Man Cave VS Sample Robot

Congratulations! You’ve bought near a thousand synthesisers, and now spend all your ‘quality time’ swapping internal batteries, making line diagrams, racking and unracking, piling up dead Behringer patch bays and all kinds of other non-music related busy work. You’ve just bought a keyboard you already have, same as the one under the one propping up the table on which all the Korg boxes sit dust farming. This is out of control!

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Sometime in the last year you managed to create some patches on one or more of them (which ones it’s not clear, maybe a black one) that would sound great on that tune you’ve been nursing forever. How the hell do you get all those sounds in a place where you can actually use them?

The simplest way is to sample the sounds. Plug the keyboard into a sound interface, play each note over MIDI, and cut them into individual samples. The first few times you don’t mind doing it manually, but you soon realise it’ll become yet another task that’ll keep you away from actually being creative.

There are tools that will automate this, the most prominent one being SampleRobot. That’s because it’s been around for a long time, back from when a MOOG was something you hired by the hour. Venerable it is, and venerable it looks, a little bit-mapped interface that would look right at home on a 90’s beige CRT. (The authors are aware of this and promise a new version soon that will stretch). Actually it’s not just the size of the interface that confounds people born after 199x, it’s the metallic robot/car/can opener detailing. Little metal buttons on little metal remote controls.


I am old and had an Amiga so I understand where this aesthetic comes from. I also understand that coders used to be free to develop their own interface rules. SampleRobot will often send you back to the manual trying to figure out WTF is going on. For example, having bought the Pro version, I get a tool called WaveRobot, which helps edit loops. I kept wondering how the hell to get the ‘Open File’ menu item to be available, eventually discovered that it’s disabled, and you can only load by right clicking an on-screen keyboard in SampleRobot. Of course.

A ‘wizard’ will set you up for your first sampling adventure. It’ll ask you questions about what you’re trying to achieve and set up the numerous parameters for capturing the sounds (is it a pad or a piano? How many keys did you want to capture?) If you try to do it yourself you’ll find the parameters spread over a number of dialog windows all over the screen. Chances are good that you’ll miss one of them and so you’ll be wizarding for a while.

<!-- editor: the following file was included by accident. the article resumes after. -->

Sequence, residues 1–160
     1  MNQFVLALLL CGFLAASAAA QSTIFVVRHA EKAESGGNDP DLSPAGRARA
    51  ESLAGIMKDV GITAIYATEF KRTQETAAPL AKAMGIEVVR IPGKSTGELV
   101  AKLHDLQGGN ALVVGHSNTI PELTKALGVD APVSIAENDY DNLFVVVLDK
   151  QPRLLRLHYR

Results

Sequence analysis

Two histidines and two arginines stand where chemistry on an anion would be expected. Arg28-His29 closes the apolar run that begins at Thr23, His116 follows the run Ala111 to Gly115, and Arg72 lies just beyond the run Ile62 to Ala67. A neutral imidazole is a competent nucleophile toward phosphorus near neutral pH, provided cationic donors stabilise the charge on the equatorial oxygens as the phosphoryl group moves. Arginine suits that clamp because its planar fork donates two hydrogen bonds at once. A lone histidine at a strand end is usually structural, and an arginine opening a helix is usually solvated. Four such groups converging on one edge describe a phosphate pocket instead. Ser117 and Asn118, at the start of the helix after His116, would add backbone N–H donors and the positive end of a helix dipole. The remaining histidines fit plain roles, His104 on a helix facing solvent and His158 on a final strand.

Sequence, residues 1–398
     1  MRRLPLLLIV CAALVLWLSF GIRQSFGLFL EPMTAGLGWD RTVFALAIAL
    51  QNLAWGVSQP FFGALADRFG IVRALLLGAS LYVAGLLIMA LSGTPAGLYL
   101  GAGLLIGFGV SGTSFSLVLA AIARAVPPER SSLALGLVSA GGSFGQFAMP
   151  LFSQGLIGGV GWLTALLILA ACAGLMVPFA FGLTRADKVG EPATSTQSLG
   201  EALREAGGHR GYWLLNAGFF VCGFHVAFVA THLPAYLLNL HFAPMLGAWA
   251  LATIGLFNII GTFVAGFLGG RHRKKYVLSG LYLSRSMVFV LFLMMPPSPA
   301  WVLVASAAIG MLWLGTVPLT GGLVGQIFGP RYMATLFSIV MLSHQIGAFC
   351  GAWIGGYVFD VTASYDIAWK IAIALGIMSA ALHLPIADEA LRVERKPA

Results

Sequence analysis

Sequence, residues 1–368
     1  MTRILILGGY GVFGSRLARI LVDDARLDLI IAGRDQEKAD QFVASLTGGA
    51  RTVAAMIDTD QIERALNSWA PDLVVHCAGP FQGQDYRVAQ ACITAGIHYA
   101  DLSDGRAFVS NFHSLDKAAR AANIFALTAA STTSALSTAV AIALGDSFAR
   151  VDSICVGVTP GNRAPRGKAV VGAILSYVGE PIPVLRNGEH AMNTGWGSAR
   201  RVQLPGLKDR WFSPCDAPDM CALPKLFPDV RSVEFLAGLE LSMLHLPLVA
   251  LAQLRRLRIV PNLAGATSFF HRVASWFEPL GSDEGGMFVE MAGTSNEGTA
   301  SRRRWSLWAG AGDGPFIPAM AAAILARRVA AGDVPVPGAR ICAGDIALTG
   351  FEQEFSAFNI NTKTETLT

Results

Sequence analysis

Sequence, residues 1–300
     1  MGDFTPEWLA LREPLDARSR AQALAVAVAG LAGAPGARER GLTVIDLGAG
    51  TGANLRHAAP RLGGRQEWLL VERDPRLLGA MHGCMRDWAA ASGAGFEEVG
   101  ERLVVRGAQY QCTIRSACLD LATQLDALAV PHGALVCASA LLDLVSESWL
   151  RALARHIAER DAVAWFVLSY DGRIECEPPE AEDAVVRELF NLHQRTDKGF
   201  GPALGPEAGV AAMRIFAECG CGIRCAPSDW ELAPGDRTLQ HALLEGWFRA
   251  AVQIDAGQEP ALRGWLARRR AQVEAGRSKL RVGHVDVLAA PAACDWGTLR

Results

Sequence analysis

Assuming you’ve got it set up properly, you then start the recording and the robot plays each key over MIDI, waiting a while between each, attempting to find loop points. It’s not the best at looping (that would be Zero-X Seamless Looper which sadly has left this world on the sky train) but if you take some time to practice with all the settings you can get close to a good loop straight off.

More likely you’ll want to load up each sample in WaveRobot, which as I said took a lot of figuring out, as did the controls to make the waveform sit properly on a large screen. But, like the old hardware you’re sampling, once you get the logic of how it works you can get quick at it. It leans a bit on the crossfade, and you will need to tune things. The overlapping visual waveforms at the loop point are very helpful.

Now hopefully you’ve produced a set of samples that you can work with. Although it claims to save out Kontakt files, it actually saves out Reason’s sampler format which Kontakt must then convert (as NI licenses Chicken System’s Translator software). If you aren’t careful SR will save new truncated samples into its own folder, inside C:\Program Files which is evil, and probably why they want you to launch the software on an admin account (double evil).

Now you have a monolith file in Kontakt … and no more frigging around with MIDI cables, patchbays or that kind of vibe-killing drudgery. Kontakt of course has its own filters, envelopes and so on, so you might sample some of your sources as pure oscillator and enjoy tweaking the filters later, making up multiple versions.

I started with the UltraProteus, from which flows very long complex sounds. It was difficult to get the start point right, and SampleRobot had little chance of finding a loop point by itself. Although it looked like my volume level was good, my first samples came out much too quiet. Turning up the inputs revealed that the UP makes a lot of hum, which of course pitches up and down as the samples are played. I made it not too noticeable. I really liked being able to attach effects to each sound in Kontakt, which isn’t really possible with the UP hardware.

Sampling the MR Rack makes perfect sense as (a) it has no inbuilt resonant filter and (b) the battery is flat whenever you want to use it – but no sense because (c) transwaves don’t play back the way they are supposed to and (d) neither do the wacky FX. SampleRobot wasn’t much help here, and the best thing to do is manually play each transwave, load in Alchemy or Morphine, translate that into an additive wave which will then pitch shift nicely over the whole keyboard without multi-samples. You then modulate the wave point and get perfect Fizmo like results.


Really the process is best for sounds that don’t rely on your active or programmed modulation. It’s fine for an MKS-80 bass, perhaps for Korg Radias chime, but not much use for a modular sequence. Getting SR working is a complete pain in the ass up front, but I know it beats playing each note by hand and then editing it apart manually.

And once you’ve grabbed Lately Bass from your TX81z you can leave that turned off forever.